Zimbabwe Population, Politics and Economy

Zimbabwe Population, Politics and Economy

Population in Zimbabwe

According to directoryaah, 70% of the Zimbabwean population are Shona, 13% Ndebele and the Chewa are represented with 6% of the population. In addition, there are several smaller ethnic groups with locally limited settlement areas such as the Tonga on the Zambezi and the Tsonga and the Venda in southern Zimbabwe.

Most of the Europeans, who still made up about 5% of the population in Zimbabwe around the middle of the 20th century, left the country after independence. It is estimated that fewer than 20,000 Europeans live in Zimbabwe today. There is also a population group that emerged from connections between Europeans and the indigenous black population and a small minority from the Indian subcontinent.

Shona and Ndebele are the official language in Zimbabwe along with English and are also taught in schools. Dialects are predominantly spoken in the country. Since schooling is compulsory in Zimbabwe, around 90% of Zimbabweans can read and write.

In Zimbabwe, 25% of the population are Christian. Half of the residents practice a mixture of Christian and traditional religions, which also include ancestor worship and belief in spirits. There is a small minority of Muslims, Jews and Hindus.

Politics and Economy in Zimbabwe

The form of government in Zimbabwe is a parliamentary democracy, with a president and a prime minister, who is occupied by the representative of the opposition. For 30 years Zimbabwe was ruled by the dictatorial President Robert Mugabe. Since a constitutional amendment in 2013, the president is only elected for five years and can be re-elected once. at his side he has one or two deputies.

Zimbabwe Politics

According to ebizdir, Zimbabwe was one of the economically strongest in Africa, since 2015 economic output has been growing at a predicted 1.5% less than in all of its neighboring countries and Zimbabwe is currently one of the poorest economies in the world. Due to the dictatorial political environment, the conditions for the once prosperous economy have deteriorated substantially since the 1990s. From 1998 to 2008, economic output shrank by around half. Almost 94% are unemployed, there is a low gross domestic product, currency shortages, investment and energy shortages. Corn, soy, tobacco, cotton, peanuts and jute were once grown in Zimbabwe. After the implementation of the land reform, in which farms were to be handed over to the locals, agriculture gradually deteriorated.

Transport network in Zimbabwe

The reconstruction of the transport network has been underway since the peace agreement in 1992, but it still shows numerous shortcomings. Most of the roads in the country are unpaved and in relatively poor condition. Of the total of 97,440 km of road network, only 18,514 km are asphalted. Especially during and after the rainy season, many of these slopes are difficult or impossible to ski.

Zimbabwe has a rail network of around 3000 kilometers, on which, in addition to the main freight traffic, passenger trains between Bulawayo and Harare and through trains from Lobatse in Botswana to South Africa run. Most of the routes are operated by the state-owned National Railways of Zimbabwe.

The capital Harare has an international airport.

Cities and regions in Zimbabwe

Zimbabwe is divided into the eight provinces of Manicaland, Mashonaland Central, Mashonaland East, Mashonaland West, Masvingo, Matabeleland North, Matabeleland South, Midlands and two metropolitan regions, Harare Province and Bulawayo Province.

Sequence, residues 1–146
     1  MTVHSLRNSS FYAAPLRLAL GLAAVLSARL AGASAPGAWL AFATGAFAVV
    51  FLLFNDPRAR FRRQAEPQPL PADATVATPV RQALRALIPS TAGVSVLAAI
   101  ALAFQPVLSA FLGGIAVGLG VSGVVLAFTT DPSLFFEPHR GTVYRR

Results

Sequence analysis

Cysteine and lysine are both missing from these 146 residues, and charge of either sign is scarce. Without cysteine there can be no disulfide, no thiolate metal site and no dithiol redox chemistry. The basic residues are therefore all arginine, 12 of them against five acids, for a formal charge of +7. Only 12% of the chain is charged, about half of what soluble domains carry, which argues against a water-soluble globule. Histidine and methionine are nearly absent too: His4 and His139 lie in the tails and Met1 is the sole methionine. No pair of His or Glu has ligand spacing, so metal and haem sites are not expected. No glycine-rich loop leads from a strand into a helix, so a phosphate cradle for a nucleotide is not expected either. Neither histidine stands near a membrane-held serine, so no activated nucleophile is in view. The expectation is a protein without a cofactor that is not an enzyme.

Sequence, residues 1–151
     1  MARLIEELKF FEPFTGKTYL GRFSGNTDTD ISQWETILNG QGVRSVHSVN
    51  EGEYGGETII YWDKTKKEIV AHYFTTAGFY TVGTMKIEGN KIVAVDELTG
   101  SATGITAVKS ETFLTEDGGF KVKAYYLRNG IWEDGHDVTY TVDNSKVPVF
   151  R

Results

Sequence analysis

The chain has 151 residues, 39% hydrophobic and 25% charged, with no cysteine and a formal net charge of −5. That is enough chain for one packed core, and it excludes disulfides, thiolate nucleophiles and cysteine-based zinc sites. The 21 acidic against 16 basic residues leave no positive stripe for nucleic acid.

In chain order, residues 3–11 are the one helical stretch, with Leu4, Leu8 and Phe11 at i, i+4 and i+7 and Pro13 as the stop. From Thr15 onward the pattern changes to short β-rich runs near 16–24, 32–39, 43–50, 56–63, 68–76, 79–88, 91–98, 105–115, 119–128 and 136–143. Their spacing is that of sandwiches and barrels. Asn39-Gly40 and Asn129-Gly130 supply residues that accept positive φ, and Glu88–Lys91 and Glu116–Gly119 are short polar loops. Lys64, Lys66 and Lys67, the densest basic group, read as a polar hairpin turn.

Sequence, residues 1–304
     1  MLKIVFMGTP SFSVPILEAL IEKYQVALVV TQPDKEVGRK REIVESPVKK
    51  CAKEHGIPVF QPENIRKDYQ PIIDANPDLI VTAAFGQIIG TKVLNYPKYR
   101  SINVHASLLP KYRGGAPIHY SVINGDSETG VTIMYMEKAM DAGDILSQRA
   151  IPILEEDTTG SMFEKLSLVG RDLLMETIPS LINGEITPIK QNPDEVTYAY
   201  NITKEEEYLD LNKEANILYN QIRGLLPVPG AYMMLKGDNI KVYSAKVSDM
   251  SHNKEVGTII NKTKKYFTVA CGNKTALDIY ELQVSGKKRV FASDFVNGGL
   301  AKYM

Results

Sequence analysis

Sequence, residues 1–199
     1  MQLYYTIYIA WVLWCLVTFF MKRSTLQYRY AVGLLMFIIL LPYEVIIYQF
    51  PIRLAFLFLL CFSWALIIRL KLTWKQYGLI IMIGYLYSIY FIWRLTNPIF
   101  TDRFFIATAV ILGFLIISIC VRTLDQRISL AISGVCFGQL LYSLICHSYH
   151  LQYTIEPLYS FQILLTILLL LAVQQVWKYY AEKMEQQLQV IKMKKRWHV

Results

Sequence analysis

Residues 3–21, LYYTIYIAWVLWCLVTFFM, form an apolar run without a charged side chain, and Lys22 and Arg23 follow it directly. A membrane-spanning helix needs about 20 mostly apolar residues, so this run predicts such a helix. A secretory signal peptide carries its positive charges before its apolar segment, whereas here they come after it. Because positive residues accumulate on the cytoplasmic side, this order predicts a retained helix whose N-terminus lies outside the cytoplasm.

Major cities in Zimbabwe are:


The city of Harare is the capital of Zimbabwe and has over 1.5 million residents (2012). Harare makes a wonderful base and starting point for any trip. The entire city extends over a diameter of 50 kilometers and is home to 100 districts. Sights include museums and galleries, and on walks through the city, traces of the colonial heritage can be found in the historic buildings. In the southwest corner of Harare city center rises the granite hill called Kopje, from which one has a wonderful view of the Zimbabwean capital.


The city of Bulawayo is the capital of the province of Bulawayo and is the second largest city in Zimbabwe with around 650,000 residents (2012). Bulawayo was considered a political and administrative center as well as the best economic and industrial location in the southwest. The cityscape is dominated by the remaining historic houses in Victorian style. Sights in Bulawayo include the National Museum, Khami Ruins, Mzilikazi, Craft Center, National Railway Museum and Maria Immaculata Cathedral Basilica.


The young city of Chitungwiza was founded nine kilometers south of Harare at an altitude of about 1,500 m from the three suburbs of Harares (townships) Seke, Zengeza and St Marys. Meanwhile, the city in the province of Harare with 356,840 residents (2012) is the third largest and one of the fastest growing cities in Zimbabwe. Chitungwiza mainly houses the people who work in Harare. There are hospitals, schools and infrastructure, with comprehensive care being provided through downtown Harare.


Mutare is one of the cities with the highest recreational value in Zimbabwe. The alpine area consists of numerous pine forests and protected areas. Mutare is the capital and administrative center of the province of Manicaland and with almost 200,000 residents (2012) the fourth largest city in Zimbabwe and an industrial location and economic center for wood and paper processing as well as coffee and tea production in the entire Eastern Highlands. On the border with Mozambique, Mutare is the transit station for travelers to the neighboring country and the Eastern Highlands. Attractions include the city park, Cross Kopje with the memorial to the victims of World War I from Zimbabwe and Mozambique, the Mutare Museum and the Utopia House Museum. The nearby Murahwa Hills are known for their rock art.